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Selling Auto Parts on Amazon - Main Facts | Jazva

auto parts

Amazon likes to compete with everyone these days, from traditional retailers to Google, to Netflix and CrunchyRoll. In ecommerce, Amazon has conquered books, apparel and electronics, and now, the retail giant is expanding its empire into auto parts retail and paid search. Retailers will have a hard time keeping up. Also this means that many auto parts retailers will have to import their eBay listing to Amazon, if they want to stay competitive.

Amazon Is Aggressively Pushing Into the Auto Parts Sector

Amazon has been known to be a disruptor of traditional retail, and the $50 billion DIY aftermarket auto parts industry is next on their list. Amazon recently struck supply contracts with some of the largest auto parts makers, including Robert Bosch, Federal-Mogul, Dorman Products, and Cardone Industries.

Amazon is spending heavily to gain a foothold in the market, offering same-day delivery for auto parts in 40 major cities in the U.S. It’s even paying parts makers more than they generally get from retailers such as Auto Zone and O’Reilly Auto Parts, and selling auto parts for 23% less.

For instance, a car battery that would normally cost $216 at your typical auto parts store like Auto Zone was being sold for $166 at Amazon.com. While it seems odd to order a heavy part like a battery online when you could easily drive up to a parts retailer and install it there directly, Amazon believes their hold on price and convenience can win customers over.

In the short run, this could hurt Amazon’s margins, but in the long run it may part of Amazon’s strategy in growing their auto business, Amazon Vehicles, an online platform for users to research cars, auto parts and accessories.

New York Post, Amazon’s next frontier to conquer? Auto parts. By Josh Kosman and James Covert.


Amazon Plans to Monetize Alexa Via Paid Voice Search

More than 8 million shoppers now have an Amazon Echo device in the U.S. Smart home devices are becoming more prevalent, and it’s only a matter of time before someone figures out how to effectively monetize voice search. Amazon is developing a paid search solution through its Alexa virtual assistant.

Paid search on mobile and desktop has been largely successful, according to digital marketing agency, Adlucent. Online spending from pay-per-click ads increased 45% YoY in the 2016 holiday shopping season. Given the popularity of the Echo and the Echo Dot, it makes sense for Amazon to venture into the paid voice search market.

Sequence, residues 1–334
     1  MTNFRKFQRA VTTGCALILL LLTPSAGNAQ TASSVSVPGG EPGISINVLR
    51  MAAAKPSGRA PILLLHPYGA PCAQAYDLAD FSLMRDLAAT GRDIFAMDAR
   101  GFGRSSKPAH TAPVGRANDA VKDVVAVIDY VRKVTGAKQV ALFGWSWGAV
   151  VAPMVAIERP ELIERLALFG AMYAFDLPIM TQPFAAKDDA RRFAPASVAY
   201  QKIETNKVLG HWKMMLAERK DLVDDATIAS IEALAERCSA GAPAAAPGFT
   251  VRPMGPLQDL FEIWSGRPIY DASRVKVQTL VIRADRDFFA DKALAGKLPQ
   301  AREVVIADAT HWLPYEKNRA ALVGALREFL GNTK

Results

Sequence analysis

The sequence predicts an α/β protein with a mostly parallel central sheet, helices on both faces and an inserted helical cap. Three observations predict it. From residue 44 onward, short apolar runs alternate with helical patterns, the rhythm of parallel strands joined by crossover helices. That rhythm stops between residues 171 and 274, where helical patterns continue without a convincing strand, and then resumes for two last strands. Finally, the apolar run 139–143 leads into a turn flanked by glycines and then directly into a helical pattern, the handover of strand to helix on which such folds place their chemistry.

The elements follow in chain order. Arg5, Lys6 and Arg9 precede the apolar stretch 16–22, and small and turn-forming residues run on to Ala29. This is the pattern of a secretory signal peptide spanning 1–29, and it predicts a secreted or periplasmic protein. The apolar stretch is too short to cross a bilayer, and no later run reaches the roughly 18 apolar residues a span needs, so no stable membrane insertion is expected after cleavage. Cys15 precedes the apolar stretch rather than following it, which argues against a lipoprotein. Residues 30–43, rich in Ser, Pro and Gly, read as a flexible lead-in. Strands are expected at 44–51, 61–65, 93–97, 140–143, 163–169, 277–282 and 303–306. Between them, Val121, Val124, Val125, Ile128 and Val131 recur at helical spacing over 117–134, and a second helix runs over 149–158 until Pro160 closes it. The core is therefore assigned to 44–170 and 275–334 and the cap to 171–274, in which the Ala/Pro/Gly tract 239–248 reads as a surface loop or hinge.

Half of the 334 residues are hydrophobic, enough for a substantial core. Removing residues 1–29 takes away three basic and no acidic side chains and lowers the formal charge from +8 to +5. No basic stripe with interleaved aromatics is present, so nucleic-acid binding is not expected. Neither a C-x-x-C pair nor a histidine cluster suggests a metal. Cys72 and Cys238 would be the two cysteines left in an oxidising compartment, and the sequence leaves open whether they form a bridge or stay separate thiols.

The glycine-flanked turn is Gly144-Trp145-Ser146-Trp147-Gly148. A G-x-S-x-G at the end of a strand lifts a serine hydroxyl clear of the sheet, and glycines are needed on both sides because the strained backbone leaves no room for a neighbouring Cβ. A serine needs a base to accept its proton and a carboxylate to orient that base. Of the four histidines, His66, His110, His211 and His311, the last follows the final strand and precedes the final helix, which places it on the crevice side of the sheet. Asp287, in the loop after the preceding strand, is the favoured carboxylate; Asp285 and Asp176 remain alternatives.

Still, paid voice search is a completely new territory as it requires a unique way of thinking about how ads can be incorporated without disrupting the user experience. Already the leader in paid search, Google will likely be a key player in paid voice search.

So how will paid voice search affect the buyer’s journey and online sales? Will Alexa recommend products sold by the highest bidder? While it’s too early to tell how this technology will develop, conversational commerce is becoming more pervasive, and retailers will need to be aware and adapt to the buyer’s journey.

Retail Dive, Amazon reportedly closing in on Alexa-powered paid voice search, by Dan O'Shea.


Reasons Behind Cart Abandonment: Are Today’s Shoppers Really That Price-Conscious?

According to a Q4 2016 study by Future Pay, the top reasons for cart abandonment were related to the cost of shipping and the overall cost of the order. Other factors such as hassle of return, lack of payment options, and security concerns, had a lot less impact on shoppers.

Reasons for cart abandonment for online shoppers in the U.S.:

  • Cost of shipping (86%)
  • Cost of order became too expensive (72%)
  • Hassle of return (22%)
  • Lack of payment options (16%)
  • Security concerns (13%)

Another study by Market Track found that shipping and price significantly influenced whether or not shoppers completed an online purchases. Most important factors included free shipping (27%), best price (27%), discounts or sales (12%) and positive reviews (12%).

Today’s consumers are expecting free or low cost shipping, largely driven by Amazon’s Prime program. Sellers must now not only be competitive on price, but they will also need to find other ways to stand out from the crowd and add value to the customer experience.

eMarketer, Does Cart Abandonment Really Come Down to Cost? By Alison McCarthy.


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Albert Ong

Albert Ong

Albert Ong is the marketing manager at Jazva, an all-in-one ecommerce platform for multi-channel sellers. When not leading content strategy, Albert spends his time listening to audiobooks, writing science fiction, and binge-watching Netflix.

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